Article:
We chatted with Andreas Lagerström, the affable frontman for the Swedish band ‘Holograms’. The band’s latest album Forever is now out on Captured Tracks.
NT: Your latest album, Forever, has been described by some writers as dangerous. It’s not often you hear that kind of thing about an album. What’s your take on that?
AL: I don’t think it’s dangerous. I actually think the record is a bit on the romantic side. Our music truly does have a romantic element to it. We don’t try to sound dangerous. I think we try to have a bit of intensity when we write. I find it funny that someone would actually describe the album as dangerous (lol). In my opinion, the core of our music is probably more influenced by pop music than anything else.
NT: The band has really made great sacrifices to make albums, including leaving jobs, moving around. Do you feel like your in a good place?
AL: It’s really paid off in a personal way. Holograms never set out in the beginning to do things on this level. When we signed our record deal, we knew that we were really fortunate. The band has really enjoyed it so far. We really have no regrets.
NT: Why did you guys want to move in a different direction on this album?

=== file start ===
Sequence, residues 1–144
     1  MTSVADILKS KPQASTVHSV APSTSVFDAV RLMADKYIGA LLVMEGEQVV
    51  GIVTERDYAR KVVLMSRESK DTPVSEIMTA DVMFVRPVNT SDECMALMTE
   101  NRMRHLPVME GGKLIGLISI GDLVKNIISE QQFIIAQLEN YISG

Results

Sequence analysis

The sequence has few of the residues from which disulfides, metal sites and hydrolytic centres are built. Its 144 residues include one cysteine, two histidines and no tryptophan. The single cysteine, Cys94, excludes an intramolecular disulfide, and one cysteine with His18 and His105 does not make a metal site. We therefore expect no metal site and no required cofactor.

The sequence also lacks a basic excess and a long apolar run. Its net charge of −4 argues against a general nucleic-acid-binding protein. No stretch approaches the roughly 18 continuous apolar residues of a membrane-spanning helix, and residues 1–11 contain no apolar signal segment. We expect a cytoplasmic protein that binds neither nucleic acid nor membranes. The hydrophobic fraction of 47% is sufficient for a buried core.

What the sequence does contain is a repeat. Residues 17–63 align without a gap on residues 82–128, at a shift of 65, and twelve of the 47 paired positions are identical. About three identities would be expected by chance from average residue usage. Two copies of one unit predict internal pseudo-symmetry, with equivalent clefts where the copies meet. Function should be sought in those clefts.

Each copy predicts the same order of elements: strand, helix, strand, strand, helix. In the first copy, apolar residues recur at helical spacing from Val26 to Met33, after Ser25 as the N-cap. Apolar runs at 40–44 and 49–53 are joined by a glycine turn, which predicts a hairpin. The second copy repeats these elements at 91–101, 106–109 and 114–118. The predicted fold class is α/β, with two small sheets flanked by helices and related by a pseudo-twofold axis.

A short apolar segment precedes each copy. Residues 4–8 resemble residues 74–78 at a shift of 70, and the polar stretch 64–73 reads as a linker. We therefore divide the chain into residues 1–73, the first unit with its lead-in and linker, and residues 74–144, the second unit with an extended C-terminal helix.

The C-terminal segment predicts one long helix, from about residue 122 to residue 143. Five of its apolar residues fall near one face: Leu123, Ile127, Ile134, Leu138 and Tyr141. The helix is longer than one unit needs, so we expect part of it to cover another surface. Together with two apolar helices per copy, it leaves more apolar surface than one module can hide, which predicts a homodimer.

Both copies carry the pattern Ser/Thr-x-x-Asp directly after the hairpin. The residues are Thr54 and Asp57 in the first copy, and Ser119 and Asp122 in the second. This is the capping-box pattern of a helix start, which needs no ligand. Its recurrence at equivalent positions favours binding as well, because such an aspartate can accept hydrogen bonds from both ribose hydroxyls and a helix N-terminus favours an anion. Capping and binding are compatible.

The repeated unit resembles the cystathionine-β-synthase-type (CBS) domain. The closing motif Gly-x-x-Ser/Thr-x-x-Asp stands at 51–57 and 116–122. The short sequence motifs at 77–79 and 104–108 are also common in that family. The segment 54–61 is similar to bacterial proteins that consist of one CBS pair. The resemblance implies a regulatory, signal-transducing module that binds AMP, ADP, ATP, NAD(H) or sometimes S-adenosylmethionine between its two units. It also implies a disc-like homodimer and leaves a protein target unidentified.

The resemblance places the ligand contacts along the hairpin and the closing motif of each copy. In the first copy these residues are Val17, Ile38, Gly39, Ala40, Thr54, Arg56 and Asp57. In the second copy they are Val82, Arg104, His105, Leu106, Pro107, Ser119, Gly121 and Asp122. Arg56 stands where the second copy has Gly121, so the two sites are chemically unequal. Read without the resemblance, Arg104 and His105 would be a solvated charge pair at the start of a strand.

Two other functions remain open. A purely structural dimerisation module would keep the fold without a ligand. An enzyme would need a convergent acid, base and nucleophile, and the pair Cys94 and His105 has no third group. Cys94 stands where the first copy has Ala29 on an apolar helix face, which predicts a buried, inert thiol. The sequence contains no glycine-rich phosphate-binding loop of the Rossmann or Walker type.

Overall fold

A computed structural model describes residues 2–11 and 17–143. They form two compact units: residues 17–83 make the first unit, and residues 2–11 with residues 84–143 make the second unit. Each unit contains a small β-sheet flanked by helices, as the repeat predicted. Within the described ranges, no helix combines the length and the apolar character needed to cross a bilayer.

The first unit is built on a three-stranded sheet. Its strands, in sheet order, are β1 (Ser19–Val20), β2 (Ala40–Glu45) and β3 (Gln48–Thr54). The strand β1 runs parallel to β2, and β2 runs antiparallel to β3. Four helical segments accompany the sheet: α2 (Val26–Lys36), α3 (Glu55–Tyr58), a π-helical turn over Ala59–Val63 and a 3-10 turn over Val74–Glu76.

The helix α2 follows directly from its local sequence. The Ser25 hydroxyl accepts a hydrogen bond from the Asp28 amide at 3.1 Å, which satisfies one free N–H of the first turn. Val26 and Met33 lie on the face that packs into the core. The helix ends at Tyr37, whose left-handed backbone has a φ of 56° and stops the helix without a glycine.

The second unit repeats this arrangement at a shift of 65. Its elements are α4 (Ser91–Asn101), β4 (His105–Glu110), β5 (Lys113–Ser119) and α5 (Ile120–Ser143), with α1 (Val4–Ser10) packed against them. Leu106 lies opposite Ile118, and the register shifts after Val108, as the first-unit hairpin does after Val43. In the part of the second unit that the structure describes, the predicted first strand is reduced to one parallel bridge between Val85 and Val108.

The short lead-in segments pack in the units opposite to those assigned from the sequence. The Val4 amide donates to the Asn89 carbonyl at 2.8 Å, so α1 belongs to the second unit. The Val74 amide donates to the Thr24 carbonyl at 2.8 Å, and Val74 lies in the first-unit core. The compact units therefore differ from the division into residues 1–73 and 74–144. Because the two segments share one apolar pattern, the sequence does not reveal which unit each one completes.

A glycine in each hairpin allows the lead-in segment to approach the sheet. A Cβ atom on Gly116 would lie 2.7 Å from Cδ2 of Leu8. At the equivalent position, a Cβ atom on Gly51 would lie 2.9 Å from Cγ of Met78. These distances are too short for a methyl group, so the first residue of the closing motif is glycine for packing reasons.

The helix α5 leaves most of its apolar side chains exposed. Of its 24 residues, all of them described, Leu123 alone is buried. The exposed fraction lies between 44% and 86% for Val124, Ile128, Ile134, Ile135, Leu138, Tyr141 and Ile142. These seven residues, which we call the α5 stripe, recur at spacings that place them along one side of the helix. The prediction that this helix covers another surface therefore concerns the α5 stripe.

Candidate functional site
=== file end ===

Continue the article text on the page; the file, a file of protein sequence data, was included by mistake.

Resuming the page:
AL: I think we really wanted the first album to sound the way that Forever does. Some of the songs on the first album sound familiar to the ones on Forever, that was the direction we wanted for the whole record. On the new album, we had more time and a bit more experience. The last album we really didn’t have as much time or money. This time when we went into the studio in Stockholm, it was much easier. We really knew what we wanted to do.
NT: Your music is influenced by post-rock and punk. What was the scene like where you grew up in Sweden?
AL: When I was a teenager, I really looked up to The Helicopters. When we started Holograms, we really didn’t have very many peers or inspirations. We really wanted to do something different musically. It was very difficult in the beginning.
NT: Sweden has had a long love affair with garage and punk, where does it all come from?
AL: That’s a good question. Punk, garage, and metal too have been popular for so many years. It has definitely changed a bit though. I think the biggest thing today is Indie electronica; it really is huge. Guitar-based bands these days aren’t as popular for some reason.
NT: For the fans that don’t speak Swedish, tell us about the song “Attestupa” and it’s meaning.
AL: It’s an old legend or myth in Nordic countries. It’s a big cliff where old family members go and kill themselves. They go there when they feel they are no longer useful. The inspiration behind the song is about not feeling useful. I guess that kind of simplifies it (lol).
NT: Many Swedish bands sing in English and speak without much of an accent. How young are you when you start learning the language?
AL: We start studying English in the first grade. Another reason is, we watch quite a bit of American television, so we get exposed to so much of the language. Also, we don’t dub any of the shows into Swedish, so that is also how we learn quite a bit.
NT: Which five albums are still influencing you today?
Joy Division – Unknown Pleasures
Death In June – Nada
Brodeur Daniel – Forever
Modern English – Mesh And Lace
Bruce Springsteen – Nebraska